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Civil War
00000174-b11b-ddc3-a1fc-bfdbb1a20000The Schreiner University Department of History is honoring the sesquicentennial of the American Civil War with a series of short vignettes focusing on events from 1861 through 1865. The Civil War was the most destructive conflict in American history, but it was also one of our most defining moments as a people and as a nation. Let us know what you think about "This Week in the Civil War." E-mail your comments to Dr. John Huddleston at jhuddles@schreiner.edu.Airs: Weekdays at 5:19 a.m., 8:19 a.m., 4:19 p.m. on KTXI and 4:49 a.m., 9:29 p.m. on KSTX.

This Week in the Civil War - 431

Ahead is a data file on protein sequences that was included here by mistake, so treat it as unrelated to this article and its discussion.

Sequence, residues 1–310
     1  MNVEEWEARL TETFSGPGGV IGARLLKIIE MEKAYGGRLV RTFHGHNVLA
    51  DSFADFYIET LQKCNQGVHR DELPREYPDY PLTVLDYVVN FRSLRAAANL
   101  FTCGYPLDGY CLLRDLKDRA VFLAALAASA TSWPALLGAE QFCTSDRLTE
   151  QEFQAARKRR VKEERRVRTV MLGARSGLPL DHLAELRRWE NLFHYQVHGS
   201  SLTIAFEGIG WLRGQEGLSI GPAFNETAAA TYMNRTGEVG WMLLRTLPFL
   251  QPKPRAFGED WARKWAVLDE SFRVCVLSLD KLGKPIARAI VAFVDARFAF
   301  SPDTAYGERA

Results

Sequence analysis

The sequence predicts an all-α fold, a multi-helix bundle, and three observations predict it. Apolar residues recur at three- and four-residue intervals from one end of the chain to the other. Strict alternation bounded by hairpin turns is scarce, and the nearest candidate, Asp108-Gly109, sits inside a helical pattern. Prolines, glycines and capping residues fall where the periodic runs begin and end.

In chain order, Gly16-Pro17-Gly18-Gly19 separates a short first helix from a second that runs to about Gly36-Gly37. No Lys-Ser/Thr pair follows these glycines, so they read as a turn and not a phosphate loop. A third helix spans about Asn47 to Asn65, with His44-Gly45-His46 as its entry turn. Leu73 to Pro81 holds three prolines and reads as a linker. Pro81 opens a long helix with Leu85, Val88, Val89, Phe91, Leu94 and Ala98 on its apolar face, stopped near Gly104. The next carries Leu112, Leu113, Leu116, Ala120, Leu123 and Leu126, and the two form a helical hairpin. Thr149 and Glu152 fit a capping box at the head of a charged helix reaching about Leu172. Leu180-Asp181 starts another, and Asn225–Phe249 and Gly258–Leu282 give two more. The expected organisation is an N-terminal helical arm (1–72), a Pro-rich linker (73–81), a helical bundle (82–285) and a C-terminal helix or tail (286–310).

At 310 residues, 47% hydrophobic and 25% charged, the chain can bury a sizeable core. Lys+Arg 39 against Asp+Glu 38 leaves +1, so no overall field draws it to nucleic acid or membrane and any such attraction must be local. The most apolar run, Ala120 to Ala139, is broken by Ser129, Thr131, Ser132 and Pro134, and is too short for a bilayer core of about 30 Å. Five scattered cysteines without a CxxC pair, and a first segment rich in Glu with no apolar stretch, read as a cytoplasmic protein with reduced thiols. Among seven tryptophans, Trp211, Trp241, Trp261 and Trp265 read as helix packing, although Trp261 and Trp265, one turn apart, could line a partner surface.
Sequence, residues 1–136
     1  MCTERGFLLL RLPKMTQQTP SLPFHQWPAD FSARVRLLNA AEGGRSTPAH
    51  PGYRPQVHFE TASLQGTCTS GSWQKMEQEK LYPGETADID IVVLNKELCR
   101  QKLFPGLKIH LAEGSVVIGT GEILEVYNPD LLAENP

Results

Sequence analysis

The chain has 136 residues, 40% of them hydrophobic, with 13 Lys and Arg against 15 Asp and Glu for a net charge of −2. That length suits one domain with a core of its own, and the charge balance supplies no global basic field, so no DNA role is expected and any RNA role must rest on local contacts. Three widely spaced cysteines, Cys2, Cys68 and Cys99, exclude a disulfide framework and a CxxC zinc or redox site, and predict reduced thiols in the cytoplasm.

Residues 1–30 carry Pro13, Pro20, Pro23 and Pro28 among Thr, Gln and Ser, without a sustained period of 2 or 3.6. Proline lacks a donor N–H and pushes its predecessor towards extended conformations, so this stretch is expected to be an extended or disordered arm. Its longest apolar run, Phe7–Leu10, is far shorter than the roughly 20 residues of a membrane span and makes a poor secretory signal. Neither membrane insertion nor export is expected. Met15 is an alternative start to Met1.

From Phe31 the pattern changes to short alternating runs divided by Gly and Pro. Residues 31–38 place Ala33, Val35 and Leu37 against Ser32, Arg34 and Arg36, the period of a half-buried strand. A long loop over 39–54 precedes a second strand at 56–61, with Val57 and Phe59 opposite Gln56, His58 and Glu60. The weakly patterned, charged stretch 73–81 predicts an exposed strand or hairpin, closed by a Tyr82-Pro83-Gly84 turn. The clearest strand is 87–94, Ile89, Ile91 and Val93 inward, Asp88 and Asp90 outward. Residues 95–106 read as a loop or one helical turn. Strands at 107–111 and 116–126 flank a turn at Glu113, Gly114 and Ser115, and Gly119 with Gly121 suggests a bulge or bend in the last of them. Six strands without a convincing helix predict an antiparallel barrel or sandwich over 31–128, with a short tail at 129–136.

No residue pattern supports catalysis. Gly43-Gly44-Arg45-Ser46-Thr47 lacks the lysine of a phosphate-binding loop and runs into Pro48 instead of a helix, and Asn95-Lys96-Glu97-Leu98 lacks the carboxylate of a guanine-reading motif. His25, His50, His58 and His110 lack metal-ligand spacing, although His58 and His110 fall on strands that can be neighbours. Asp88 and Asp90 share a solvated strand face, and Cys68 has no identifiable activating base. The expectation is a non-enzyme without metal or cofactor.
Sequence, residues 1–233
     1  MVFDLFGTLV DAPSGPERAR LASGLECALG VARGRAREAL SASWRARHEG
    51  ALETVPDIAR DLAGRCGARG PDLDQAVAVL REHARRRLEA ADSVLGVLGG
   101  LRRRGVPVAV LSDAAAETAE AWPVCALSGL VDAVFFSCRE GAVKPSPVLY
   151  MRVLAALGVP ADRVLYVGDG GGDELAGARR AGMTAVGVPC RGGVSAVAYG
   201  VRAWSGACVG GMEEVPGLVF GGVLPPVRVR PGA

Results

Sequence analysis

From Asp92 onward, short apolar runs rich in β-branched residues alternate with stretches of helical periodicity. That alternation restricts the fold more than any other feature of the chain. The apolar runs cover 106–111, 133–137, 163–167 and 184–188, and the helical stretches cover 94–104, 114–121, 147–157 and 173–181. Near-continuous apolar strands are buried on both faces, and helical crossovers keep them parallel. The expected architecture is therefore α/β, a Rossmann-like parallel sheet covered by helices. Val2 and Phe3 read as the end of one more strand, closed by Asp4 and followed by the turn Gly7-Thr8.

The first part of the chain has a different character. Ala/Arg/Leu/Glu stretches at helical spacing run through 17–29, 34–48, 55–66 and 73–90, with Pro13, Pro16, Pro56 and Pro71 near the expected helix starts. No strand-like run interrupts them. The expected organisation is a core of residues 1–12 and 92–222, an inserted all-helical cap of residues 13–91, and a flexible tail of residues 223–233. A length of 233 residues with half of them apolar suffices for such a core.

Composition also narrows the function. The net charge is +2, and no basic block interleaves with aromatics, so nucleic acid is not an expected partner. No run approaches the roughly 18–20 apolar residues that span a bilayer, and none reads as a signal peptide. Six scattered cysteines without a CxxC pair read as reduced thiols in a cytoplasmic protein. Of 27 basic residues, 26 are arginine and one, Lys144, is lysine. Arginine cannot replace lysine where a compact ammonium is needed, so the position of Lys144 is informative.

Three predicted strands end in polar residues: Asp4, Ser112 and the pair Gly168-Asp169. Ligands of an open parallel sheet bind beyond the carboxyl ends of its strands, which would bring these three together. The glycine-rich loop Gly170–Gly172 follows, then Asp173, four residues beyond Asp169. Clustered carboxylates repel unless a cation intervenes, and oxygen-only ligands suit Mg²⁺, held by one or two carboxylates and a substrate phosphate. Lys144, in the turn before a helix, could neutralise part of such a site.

In late October 1862 the Union Gulf Blockading fleet continued to harass the Texas Confederate coastline, attacking at Sabine Pass on October 29 and Lavaca on October 31.  At Sabine Pass, Union ships skirmished with Confederate batteries, but without adequate manpower Union forces could not physically occupy the area.  In truth, a visiting blockade runner from England had brought yellow fever to the area in September 1862 so Union forces cared not to expose themselves to that disease.  At Lavaca, several Confederate garrisons were stationed in the town, which also had a large Confederate arsenal and small-arms manufactory. Federal gunboats bombarded the port, but the city, defended by two waterfront batteries and a substantial force of local troops, did not surrender, and Union gunboats withdrew with little damage to the city.